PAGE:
- Identify any particular risks to the covenant and discuss with the employer. Examples include:
- lack of visibility over covenant reliability. Trustees will need information from employers to assess the period of covenant reliability to include cash flow, profit and loss account and balance sheet projections, typically over 1 to 3 years. This will be a step change for some employers so make sure they know they will need to produce this;
- the enforceability and likely recovery under any contingent assets;
- covenant leakage whether through dividend payments or granting of inter-company loans that are unlikely to be repaid;
- if the employer’s banking facility is due to be renegotiated, what commercial terms may be offered;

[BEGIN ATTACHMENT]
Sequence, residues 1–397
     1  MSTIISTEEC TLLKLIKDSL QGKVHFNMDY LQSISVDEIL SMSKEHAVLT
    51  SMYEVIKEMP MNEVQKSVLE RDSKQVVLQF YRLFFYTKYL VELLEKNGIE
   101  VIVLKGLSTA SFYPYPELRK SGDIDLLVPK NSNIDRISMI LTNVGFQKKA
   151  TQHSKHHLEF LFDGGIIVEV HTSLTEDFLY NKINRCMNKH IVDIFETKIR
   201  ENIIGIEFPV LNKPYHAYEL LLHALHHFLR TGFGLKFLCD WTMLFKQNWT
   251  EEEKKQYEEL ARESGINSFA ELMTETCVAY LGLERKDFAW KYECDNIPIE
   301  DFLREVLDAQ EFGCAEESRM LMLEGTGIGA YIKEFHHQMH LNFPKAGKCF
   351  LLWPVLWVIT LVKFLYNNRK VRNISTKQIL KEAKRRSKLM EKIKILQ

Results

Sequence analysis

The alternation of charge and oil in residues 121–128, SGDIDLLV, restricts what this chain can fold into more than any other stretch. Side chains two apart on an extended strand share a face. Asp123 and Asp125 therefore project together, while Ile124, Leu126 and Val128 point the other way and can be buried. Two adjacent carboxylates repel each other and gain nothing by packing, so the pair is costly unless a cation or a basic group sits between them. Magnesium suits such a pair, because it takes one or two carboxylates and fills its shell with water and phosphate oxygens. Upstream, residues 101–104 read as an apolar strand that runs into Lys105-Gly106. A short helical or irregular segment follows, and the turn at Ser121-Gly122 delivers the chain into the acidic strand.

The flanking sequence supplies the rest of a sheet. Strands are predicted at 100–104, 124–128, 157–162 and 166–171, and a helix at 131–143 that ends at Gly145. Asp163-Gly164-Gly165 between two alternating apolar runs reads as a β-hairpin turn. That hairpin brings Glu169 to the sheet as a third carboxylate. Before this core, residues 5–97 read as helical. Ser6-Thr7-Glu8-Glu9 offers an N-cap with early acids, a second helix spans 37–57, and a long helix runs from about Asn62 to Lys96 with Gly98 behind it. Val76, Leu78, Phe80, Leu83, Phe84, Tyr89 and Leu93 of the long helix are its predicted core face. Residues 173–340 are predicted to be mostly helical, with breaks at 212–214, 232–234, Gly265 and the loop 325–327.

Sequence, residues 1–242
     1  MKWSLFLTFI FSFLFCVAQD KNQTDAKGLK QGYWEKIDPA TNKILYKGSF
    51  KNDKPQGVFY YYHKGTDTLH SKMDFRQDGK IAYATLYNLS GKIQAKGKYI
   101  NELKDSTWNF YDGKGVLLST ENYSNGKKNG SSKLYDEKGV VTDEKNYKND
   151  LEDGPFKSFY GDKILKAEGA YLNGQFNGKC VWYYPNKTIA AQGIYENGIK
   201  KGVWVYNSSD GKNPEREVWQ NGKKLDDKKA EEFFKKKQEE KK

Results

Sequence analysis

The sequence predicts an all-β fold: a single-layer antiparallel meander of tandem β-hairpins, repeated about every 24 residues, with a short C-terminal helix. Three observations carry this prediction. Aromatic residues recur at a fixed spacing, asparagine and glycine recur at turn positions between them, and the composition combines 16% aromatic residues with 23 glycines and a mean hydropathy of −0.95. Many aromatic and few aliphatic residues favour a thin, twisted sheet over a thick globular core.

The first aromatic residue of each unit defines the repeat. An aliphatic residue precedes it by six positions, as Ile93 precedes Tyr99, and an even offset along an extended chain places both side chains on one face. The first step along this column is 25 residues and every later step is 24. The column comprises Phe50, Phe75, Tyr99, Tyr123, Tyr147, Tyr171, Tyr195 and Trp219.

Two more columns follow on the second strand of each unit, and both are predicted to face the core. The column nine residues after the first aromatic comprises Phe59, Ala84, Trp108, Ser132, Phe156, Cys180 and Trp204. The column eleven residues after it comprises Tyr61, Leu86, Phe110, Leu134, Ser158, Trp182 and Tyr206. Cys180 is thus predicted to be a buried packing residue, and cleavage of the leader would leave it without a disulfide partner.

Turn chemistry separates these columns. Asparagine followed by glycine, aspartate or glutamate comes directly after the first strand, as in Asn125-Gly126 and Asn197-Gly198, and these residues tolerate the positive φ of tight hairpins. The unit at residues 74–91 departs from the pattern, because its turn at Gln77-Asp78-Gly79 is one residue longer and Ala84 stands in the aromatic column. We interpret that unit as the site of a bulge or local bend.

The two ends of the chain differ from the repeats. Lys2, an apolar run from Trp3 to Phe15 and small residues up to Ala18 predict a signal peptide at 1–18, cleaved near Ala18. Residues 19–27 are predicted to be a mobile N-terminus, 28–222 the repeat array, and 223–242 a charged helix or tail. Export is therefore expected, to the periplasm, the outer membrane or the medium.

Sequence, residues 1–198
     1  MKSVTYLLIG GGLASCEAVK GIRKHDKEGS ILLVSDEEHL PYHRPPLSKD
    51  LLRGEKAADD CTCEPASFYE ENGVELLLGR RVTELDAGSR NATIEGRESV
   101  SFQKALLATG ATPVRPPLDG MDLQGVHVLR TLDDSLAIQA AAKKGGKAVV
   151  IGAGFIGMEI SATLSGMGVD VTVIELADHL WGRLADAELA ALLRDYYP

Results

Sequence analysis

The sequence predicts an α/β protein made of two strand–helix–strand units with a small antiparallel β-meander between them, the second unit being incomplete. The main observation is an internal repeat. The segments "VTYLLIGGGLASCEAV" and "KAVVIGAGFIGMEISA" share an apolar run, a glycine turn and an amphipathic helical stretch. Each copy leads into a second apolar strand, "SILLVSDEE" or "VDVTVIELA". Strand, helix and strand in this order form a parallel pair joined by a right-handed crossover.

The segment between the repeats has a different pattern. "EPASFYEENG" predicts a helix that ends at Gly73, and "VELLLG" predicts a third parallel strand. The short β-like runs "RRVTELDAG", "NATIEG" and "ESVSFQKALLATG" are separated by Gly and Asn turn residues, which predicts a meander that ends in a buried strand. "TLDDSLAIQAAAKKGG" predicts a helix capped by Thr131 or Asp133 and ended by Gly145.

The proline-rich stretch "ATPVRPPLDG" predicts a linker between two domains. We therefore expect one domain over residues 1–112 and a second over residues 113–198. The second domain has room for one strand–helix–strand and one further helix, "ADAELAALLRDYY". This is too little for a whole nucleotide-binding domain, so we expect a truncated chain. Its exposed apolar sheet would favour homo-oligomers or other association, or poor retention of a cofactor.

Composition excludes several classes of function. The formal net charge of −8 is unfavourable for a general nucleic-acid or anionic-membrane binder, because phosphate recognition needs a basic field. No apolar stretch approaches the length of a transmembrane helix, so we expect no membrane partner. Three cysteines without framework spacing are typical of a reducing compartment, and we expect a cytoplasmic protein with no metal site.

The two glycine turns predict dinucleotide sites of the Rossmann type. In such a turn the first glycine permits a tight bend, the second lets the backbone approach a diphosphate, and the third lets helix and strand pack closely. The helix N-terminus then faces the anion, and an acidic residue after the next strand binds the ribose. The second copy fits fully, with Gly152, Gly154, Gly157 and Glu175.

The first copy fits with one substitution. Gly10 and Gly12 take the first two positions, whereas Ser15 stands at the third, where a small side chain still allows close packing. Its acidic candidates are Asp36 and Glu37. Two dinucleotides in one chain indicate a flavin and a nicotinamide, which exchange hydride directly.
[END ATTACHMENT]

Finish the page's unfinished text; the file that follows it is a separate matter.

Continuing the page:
- if your scheme remains open to accrual or new members, probe your sponsor as whether that is likely to remain the case during any period of covenant reliability.
- Keep an eye on developments including the final version of the draft Regulations, draft Code and the forthcoming consultation on the revised regulatory guidance on assessing employer covenant.
We have extensive experience advising trustees and employers in relation to DB funding negotiations. Please contact Clive Pugh or your usual member of the Burges Salmon Pensions Team to discuss further.
This blog was written by Clive Pugh, Catrin Young and Emily Fox.
Trustees are required to carry out an employer covenant assessment to understand the extent to which the employer can support the scheme now and in the future. In general, trustees should focus on the ability of the employer to make cash contributions to the scheme to address downside investment risk.